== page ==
The presidential candidates have focused much of their attention in the 2012 election on domestic and economic policy. However, the killing of four Americans, including Ambassador Chris Stevens, at the U.S. consulate in Benghazi, Libya last week, and the ensuing demonstrations across the Middle East has offered voters a chance to observe how the candidates would handle real life events. Does foreign policy matter in presidential elections? I argue it does, and more so than candidates and pundits traditionally give it credit.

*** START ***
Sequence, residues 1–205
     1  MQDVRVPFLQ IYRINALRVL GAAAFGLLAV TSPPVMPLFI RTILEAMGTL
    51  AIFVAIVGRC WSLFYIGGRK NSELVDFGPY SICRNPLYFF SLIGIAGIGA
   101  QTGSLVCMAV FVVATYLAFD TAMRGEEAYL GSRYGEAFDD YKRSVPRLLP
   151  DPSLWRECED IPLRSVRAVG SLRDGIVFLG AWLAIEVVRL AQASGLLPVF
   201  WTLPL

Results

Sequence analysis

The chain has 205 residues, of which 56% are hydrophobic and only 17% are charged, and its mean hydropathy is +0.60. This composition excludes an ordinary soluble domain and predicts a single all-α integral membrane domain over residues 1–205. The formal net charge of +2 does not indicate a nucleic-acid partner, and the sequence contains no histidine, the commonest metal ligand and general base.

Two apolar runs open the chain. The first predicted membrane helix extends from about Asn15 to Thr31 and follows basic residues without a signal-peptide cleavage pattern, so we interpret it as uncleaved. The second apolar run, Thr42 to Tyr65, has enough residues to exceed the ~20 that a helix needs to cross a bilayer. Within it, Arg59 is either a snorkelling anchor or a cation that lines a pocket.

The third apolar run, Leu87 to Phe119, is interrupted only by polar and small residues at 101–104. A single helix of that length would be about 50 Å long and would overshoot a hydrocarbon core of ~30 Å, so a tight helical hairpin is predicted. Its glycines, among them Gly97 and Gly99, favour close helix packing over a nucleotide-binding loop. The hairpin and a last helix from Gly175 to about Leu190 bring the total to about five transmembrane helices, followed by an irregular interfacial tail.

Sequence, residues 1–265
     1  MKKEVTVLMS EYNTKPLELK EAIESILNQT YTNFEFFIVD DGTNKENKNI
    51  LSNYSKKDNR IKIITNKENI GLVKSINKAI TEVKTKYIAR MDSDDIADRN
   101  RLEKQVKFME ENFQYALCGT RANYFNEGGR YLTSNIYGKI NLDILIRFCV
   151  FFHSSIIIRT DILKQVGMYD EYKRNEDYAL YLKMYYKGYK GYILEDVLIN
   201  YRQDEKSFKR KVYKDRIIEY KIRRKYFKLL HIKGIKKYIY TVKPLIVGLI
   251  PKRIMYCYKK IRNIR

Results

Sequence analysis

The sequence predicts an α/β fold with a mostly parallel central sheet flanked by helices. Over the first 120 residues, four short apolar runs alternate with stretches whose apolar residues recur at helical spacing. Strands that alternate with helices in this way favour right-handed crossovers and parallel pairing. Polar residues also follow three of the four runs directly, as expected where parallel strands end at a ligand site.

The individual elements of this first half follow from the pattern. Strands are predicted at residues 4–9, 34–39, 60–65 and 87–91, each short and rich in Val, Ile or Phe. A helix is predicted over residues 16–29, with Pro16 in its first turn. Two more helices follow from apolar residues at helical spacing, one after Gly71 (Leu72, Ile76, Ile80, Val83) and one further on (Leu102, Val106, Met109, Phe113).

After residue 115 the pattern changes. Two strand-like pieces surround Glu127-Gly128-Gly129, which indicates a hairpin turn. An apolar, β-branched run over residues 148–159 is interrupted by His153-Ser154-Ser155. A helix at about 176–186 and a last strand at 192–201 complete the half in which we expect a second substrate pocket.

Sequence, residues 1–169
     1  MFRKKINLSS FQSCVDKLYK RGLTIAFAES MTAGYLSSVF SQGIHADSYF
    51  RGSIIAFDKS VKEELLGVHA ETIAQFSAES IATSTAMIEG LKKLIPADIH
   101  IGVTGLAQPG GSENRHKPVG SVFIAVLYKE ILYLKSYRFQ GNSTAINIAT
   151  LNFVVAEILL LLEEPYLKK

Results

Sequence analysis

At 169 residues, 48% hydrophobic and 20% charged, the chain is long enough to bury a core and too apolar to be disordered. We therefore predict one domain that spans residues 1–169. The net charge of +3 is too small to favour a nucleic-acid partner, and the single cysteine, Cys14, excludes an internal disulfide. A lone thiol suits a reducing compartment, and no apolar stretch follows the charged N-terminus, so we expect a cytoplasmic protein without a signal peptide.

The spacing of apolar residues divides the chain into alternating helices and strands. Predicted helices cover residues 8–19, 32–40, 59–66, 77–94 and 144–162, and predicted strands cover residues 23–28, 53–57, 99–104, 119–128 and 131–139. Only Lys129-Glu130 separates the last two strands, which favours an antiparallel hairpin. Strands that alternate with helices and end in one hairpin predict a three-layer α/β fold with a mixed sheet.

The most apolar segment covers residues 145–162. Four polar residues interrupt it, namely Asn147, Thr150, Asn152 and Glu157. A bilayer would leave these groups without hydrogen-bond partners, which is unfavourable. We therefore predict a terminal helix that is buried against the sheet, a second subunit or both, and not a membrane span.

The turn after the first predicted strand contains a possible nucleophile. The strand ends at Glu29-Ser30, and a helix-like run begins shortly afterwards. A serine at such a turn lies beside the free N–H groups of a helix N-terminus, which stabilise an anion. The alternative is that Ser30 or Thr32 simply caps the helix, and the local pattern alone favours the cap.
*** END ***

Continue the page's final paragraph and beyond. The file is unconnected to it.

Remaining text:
While the media and pundits have primarily focused their commentary this week on Mitt Romney’s 47% comment delivered during a closed-door donor dinner (watch the full remarks of part I here and part II here), many have glossed over the remarks he made regarding foreign policy. Romney’s remarks that the American people “aren’t concentrated at all” on issues such as relations with China, Russia, Iran and Iraq are of concern here. While many polls show that the economy is the primary issue of importance to the electorate in this election, foreign affairs do in fact shape voter evaluations of the presidential candidates and ultimately influence how they will cast their ballot on the election day. In addition, in such an extremely polarized political environment, it’s also clear that elite partisans messages mediate voters’ foreign policy evaluations of the candidates